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Abstract

The research study was carried out to assess the
biogas potential at Nyazura Adventist High School,
Rusape, Zimbabwe, a co-educational school with a
total enrolment of 700 boarders. The school is con-
nected to the national grid electricity. The electricity
is in short supply due to long hours of load shed-
ding. Firewood to be used for heating and cooking
purposes is in short supply. The main objective of
the study was to make an assessment of biogas
potential at the school. The energy demand for the
whole school was calculated and it was found to be
2 710 kWh per day. The biogas yields for the feed-
stocks at the school were estimated. The total bio-
gas yield that could be obtained from the feedstocks
was 50 m3 per day. The digesters volume for the
feedstocks was estimated and the material require-
ments for the digesters were also determined. The
techno-economic analysis of the proposed project
was done. The results suggested that the proposed
project was feasible, and it was concluded that the
school is capable of producing enough biogas from
its feedstocks to support a feasible project. The daily
50 m3 biogas yield is adequate to supply enough
electricity for lighting purposes during the load
shedding periods.
Keywords: biogas potential, techno-economic anal-
ysis, biogas digesters
1. Introduction
Biogas refers to a gas produced by anaerobic fer-
mentation of organic matter in the absence of oxy-
gen in airtight containers called biogas digesters
(Walekwa et al., 2009; Sibisi and Green, 2005).
The composition of biogas varies depending on the
raw materials, the organic load applied, the reten-
tion period and temperature. The gas consists
mainly of methane, which is generally between
55%-80% (Jemmett, 2006). Biogas contains about
9 kWh/m3 of available energy (Thouars, 2006).
Biogas is about 20% lighter than air and has an
ignition temperature in the range of 650-750 °C
(Deublein & Steinhauser, 2008). It is an odourless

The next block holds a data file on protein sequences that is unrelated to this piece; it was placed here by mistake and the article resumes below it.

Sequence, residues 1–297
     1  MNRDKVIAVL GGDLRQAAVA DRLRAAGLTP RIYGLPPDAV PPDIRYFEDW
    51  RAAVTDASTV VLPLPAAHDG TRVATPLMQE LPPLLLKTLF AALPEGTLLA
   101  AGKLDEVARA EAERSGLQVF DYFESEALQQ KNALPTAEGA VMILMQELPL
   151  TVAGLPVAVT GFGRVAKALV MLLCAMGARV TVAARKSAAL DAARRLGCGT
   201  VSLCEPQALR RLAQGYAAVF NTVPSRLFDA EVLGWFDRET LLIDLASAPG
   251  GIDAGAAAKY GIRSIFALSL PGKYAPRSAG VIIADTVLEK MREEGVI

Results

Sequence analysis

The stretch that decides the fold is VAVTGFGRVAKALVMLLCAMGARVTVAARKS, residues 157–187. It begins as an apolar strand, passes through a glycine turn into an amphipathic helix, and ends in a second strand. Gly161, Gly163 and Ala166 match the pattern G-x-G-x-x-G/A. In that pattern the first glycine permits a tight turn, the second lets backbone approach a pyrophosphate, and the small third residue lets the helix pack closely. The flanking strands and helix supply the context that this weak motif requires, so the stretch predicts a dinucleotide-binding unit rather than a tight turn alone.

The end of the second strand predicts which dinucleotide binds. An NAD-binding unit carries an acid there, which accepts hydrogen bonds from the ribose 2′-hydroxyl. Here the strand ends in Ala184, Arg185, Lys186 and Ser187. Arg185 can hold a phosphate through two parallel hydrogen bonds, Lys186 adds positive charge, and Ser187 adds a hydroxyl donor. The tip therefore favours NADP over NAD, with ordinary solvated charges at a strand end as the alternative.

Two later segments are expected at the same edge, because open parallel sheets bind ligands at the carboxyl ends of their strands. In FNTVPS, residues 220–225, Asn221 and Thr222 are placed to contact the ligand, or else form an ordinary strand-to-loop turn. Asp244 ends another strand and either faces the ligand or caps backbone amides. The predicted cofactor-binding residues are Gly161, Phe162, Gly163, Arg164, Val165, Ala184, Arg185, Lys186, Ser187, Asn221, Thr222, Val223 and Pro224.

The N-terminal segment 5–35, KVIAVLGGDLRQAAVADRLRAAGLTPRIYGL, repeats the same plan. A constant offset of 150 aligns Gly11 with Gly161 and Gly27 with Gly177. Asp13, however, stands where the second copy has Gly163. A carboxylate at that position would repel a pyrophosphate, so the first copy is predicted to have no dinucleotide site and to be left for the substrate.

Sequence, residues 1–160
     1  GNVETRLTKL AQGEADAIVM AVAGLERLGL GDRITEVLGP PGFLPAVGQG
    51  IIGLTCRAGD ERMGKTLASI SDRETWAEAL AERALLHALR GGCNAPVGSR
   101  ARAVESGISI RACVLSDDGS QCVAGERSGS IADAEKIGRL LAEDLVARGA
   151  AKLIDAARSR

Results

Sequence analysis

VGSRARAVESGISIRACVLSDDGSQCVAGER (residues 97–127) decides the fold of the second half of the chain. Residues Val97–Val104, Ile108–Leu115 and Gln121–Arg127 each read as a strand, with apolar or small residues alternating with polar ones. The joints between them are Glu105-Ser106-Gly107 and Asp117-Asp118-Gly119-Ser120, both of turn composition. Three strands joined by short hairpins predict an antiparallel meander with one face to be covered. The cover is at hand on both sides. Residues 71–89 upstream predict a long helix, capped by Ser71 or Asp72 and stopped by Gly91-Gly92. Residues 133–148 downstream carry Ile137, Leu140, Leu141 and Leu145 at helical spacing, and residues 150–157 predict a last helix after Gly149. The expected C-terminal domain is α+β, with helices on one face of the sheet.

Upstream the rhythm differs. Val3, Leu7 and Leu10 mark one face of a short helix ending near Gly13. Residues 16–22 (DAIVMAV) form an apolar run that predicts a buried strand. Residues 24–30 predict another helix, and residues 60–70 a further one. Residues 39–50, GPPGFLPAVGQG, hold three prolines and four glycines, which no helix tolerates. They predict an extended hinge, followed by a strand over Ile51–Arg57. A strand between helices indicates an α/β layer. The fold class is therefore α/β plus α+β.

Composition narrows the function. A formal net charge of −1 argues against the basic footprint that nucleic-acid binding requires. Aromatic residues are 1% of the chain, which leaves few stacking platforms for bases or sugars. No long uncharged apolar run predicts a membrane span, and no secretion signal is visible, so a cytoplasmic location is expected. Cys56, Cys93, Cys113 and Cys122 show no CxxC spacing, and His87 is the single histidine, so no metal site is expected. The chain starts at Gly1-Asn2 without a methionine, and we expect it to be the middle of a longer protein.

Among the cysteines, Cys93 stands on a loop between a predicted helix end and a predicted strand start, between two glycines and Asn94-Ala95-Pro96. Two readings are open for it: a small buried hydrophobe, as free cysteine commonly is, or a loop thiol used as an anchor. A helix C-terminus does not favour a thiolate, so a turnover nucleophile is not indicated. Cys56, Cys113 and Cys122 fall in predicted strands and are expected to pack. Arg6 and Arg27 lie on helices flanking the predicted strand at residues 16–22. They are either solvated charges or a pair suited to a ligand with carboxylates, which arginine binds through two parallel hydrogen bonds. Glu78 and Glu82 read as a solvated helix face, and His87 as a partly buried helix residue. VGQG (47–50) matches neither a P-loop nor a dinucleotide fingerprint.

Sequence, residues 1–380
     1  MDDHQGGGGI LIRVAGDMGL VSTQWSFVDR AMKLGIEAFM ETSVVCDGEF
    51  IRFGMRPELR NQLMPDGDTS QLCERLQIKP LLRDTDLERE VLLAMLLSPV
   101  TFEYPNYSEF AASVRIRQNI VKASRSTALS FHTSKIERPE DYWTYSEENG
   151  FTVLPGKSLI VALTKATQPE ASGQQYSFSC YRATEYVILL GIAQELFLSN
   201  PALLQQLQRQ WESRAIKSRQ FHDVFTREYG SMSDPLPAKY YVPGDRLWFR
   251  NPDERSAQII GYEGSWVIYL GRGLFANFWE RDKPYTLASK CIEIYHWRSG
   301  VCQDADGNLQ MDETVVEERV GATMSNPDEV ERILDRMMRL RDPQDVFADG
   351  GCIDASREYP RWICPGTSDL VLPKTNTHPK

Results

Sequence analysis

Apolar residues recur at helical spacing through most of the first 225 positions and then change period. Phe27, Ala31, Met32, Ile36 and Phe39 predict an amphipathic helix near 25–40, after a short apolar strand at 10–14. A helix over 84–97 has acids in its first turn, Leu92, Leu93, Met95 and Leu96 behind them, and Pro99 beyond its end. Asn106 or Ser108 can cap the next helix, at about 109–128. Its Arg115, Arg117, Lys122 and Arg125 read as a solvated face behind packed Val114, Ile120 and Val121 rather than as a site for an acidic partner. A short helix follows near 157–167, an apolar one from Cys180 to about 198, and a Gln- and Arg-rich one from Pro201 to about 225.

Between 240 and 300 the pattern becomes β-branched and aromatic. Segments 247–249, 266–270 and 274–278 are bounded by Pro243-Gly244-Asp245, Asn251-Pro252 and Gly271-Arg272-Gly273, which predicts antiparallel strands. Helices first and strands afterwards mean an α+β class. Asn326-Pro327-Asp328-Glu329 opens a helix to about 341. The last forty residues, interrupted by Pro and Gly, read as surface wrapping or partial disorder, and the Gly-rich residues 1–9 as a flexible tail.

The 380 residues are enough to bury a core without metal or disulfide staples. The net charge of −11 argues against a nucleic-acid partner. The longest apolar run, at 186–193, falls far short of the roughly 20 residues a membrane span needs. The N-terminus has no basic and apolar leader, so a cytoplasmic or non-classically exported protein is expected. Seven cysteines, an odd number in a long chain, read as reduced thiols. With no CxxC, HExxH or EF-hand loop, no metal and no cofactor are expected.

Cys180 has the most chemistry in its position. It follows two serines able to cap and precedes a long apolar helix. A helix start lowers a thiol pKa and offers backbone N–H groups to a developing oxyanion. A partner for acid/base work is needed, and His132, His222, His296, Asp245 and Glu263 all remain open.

and colourless gas that burns with a blue flame sim-
ilar to that of liquid petroleum gas (Sathianathan,
1975).The biogas anaerobic process is divided into
four steps as follows: hydrolysis, fermentation (aci-
dogenesis), anaerobic oxidation (acetogenesis) and
methanization (Davidsson, 2007; Goswami &
Kreith, 2008; Leksell, 2005). Figure 1 shows the
degradation pathways to produce methane.
Biogas technology can be viewed as a vehicle
to reduce rural poverty and leads to rural develop-
ment. Biogas can be an energy substitute for animal
waste, fire wood, agricultural residues, diesel, paraf-
fin, petrol and electricity. In addition, eutrophication
and air pollution are minimized (Lantz et al., 2007).
Furthermore, it eliminates the daily task of fire
wood gathering (Mwakaje, 2007). Biogas can be
regarded as an eco-friendly fuel and can be used as
a substitute for compressed natural gas.
12 Journal of Energy in Southern Africa • Vol 24 No 4 • November 2013
A possible design and justification for a biogas plant at
Nyazura Adventist High School, Rusape, Zimbabwe
Patrick Mukumba
Physics Department, University of Fort Hare, South Africa
Golden Makaka
Physics Department, University of Fort Hare, South Africa
Sampson Mamphweli
Institute of Technology, University of Fort Hare, South Africa
Sherpherd Misi
Department of Civil Engineering, Faculty of Engineering, University of Zimbabwe, Zimbabwe
Zimbabwe is endowed with plenty of anaerobic
digestion feedstocks but the technology is not opti-
mally applied in the conversion of these feedstocks
(Jingura & Matengaifa, 2009). Zimbabwe is heavily
dependent on fossil fuel imported from the Middle
East. To worsen the situation, the country has a
shortage of foreign currency for importing fossil
fuel.
There are a number of biogas digesters produc-
ing biogas in Zimbabwe, at Glen View Firle and
Crowborough sewage treatment works in Harare.
However, the biogas from the primary biogas
digesters is carried to biogas tanks and burnt in air
without being utilised (Mukumba, 2007). The bio-